• Sean Keenan

Making a Montage

When creating video content, there’s a multitude of different things you need to look at besides just simply plopping down the camera and recording the video. To make sure your project is up to the highest level it can be, things such as zooms, camera movements, post production and more. In The Bare Bones Camera Course for Film and Video, they present examples for both of these.


Camera movement and Editing


In regards to camera movement, there’s a seemingly unlimited amount of different types of angles and movements you can have. Different types of zooms, devices like dolly’s and truck’s, and specific shot types such as the over-the-shoulder shot. The issue though is despite having all these options, you have to be far more careful and selective to which ones you actually use. For example, if you wanted to film a big group scene, you shouldn’t use extreme close ups on people’s faces. That will distract the viewer, making them uncomfortable and taking their focus away from the rest of the group. On the other hand, if you need to show some extremely small details, it would be illogical to use something like a dolly rather than just zooming in on the details.


When you have the footage recorded, post-production can then begin, mainly editing. In regards to editing, most people view that as when you just splice together all the clips. When you actually edit together a full video though, you realize how much more complicated editing is than simply splicing together clips. For starters, a key part of editing is audio. Even though the main appeal for many will be the video, audio in projects like these is still very important. If things are out of sink or if the audio doesn’t properly compliment it’s video, it can ruin the whole video. Beyond that, editing also allows people the ability to add narration, edit specific clips and video, add in sound effects, and other small details they can think of to enhance the video.


Types of editing



Into the SpiderVerse

Spider-Man: Into the SpiderVerse is a Golden Globes Best Animated Film winner and this scene was one of the big reasons. To start off, the editing first starts off relatively slow paced, as a way to build up to “the leap of faith”. The edits are out straight cuts, for one because it’s a montage sequence and it makes each section flow better, but also because just normal cuts also presents the scene in a more comic book style, going from panel to panel. We then get to Miles taking the leap and the whole movie slows down. They then splice in a number of different clips to help show how big this leap is, as well as build a build of tension making you think “is he going to be able to swing?”. We then get to the crescendo of the leap, with the song hitting it’s hook and Miles now swinging all through New York. The pace here is a little faster, as it’s supposed to be a fun, high energy scene that shows how Miles has progressed throughout the film.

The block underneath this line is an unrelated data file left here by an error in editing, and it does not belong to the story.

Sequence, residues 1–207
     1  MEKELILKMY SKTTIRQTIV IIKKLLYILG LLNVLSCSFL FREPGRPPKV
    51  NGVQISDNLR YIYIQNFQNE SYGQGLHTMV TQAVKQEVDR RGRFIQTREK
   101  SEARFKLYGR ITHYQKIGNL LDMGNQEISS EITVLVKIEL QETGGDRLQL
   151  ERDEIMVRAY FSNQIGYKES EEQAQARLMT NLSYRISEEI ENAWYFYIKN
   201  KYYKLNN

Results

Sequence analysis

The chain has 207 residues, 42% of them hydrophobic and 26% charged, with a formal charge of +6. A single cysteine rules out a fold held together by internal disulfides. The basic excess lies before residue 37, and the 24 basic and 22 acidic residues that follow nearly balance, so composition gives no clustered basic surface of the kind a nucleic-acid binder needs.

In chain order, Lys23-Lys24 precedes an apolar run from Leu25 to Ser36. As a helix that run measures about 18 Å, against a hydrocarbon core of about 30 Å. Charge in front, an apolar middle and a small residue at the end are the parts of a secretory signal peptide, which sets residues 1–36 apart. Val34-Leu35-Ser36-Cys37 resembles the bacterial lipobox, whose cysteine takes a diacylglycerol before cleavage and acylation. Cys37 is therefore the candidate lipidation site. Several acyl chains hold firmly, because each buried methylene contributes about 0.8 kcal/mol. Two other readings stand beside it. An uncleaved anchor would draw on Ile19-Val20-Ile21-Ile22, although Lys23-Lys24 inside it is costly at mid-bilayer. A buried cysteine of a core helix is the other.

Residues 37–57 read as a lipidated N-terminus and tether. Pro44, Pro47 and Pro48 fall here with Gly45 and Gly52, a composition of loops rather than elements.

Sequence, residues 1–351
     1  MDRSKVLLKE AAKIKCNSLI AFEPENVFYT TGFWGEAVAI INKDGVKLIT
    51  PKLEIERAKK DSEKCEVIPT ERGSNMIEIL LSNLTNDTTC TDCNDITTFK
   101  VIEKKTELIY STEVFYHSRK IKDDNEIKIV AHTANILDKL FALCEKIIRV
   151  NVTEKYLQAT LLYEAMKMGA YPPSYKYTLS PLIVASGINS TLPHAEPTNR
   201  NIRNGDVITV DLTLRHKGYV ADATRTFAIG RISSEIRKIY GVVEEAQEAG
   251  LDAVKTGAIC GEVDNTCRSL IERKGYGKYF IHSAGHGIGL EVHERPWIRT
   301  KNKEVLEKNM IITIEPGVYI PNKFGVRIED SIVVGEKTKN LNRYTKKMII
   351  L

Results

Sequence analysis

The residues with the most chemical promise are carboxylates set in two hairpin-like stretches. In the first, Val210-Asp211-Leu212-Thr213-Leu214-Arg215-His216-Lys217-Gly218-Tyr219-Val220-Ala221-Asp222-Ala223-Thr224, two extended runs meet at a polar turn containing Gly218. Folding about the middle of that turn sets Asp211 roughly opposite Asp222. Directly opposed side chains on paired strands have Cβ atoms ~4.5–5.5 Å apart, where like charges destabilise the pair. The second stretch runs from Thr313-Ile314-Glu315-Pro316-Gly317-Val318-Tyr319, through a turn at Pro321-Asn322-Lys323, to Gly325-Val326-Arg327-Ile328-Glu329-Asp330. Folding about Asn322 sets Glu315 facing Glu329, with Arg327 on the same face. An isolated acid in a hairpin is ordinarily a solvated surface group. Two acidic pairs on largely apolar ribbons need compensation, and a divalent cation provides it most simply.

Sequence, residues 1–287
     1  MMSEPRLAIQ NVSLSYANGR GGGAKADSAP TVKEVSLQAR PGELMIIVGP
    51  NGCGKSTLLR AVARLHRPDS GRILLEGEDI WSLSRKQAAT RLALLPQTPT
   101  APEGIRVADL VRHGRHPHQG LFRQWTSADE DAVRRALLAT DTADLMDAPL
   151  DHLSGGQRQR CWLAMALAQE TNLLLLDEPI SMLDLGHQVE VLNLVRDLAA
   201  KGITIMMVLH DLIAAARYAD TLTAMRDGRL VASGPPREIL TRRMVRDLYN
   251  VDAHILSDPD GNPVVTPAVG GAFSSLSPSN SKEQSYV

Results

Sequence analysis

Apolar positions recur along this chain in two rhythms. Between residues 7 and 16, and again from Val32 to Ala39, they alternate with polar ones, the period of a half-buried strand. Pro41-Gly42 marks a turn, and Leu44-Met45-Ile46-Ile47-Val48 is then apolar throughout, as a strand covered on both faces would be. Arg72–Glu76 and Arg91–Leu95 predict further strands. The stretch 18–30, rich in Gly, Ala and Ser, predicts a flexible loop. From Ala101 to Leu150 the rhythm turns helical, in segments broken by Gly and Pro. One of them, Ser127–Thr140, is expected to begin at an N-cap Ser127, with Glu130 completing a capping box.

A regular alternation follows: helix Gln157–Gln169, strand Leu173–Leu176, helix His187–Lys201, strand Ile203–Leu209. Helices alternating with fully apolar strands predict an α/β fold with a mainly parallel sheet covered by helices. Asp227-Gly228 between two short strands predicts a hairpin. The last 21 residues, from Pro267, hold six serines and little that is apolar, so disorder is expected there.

Dragon Ball Super: Broly

Dragon Ball has been around for nearly 40 years now and is still going strong, with this fight being a great showcase of what the animators and editors can do. From start to finish of the fight, the editing is extremely fast paced, to the point where it almost gets difficult to follow. Normally this would be bad as the viewer can’t really figure out what they’re looking at. For this fight though it’s perfect, as it’s supposed to be a fight between two obscenely strong and fast opponents, so barely being able to follow it adds to the effect. In regards to transition, there’s a large variety of them. Sometimes they follow the fighters like it’s a tracking shot, while other times they use the impact of a hit to switch angles. Both of these styles again add to the feel of the fight, as it emphasizes the speed and power of both fighters, similar again to the fast paced editing.



Captain America: Winter Soldier

There’s a lot of Marvel movies, though this scene from Captain America: Winter Soldier is one of my favorites of them all. To start off, it begins relatively normal, with Steve Rogers sitting there thinking while some “allies” join him in the elevator. The conversation seems normal at first, but the quick transition from Steve’s wandering eyes and concerned face to the weapons being held by the others in the elevator shows something isn’t right. The scene then continues and the editing becomes very slow and methodical. Slow pans of Steve’s face looking around concerned, along with some very close, tight shots to help give the viewer the strong sense of tension currently in that elevator. After a little quip, the action then ramps up and doesn’t stop for the rest of the scene. It’s fairly typical Marvel action at that point, but the great transitions and editing from before the action helped build up the tension for the viewers, making the inevitable fight all that more exciting.



My video


For this week, I filmed and completed post predictions on my own personal montage. For this montage, I choose to give a humorous look at my current living situation. Most of it was me trying to figure out some funny scenarios we’ve had to deal with so far and see if I could film someone doing. I originally had even more clips in mind, but during editing I found the video was becoming even longer than I thought and more clips could begin to make it drag I felt.


In terms of audio, I made sure the music was sort of goofy/silly to keep the same mood I had when recording the clips. I also tried to add things like bleeps, shower sounds, and fire alarms to help add to the humor of the video. For narration, I simply recorded each individual line on their own, then placed it where it needed to be. Overall, I was fairly happy with the final outcome, especially for my first real video project.


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© 2020 by Sean Keenan.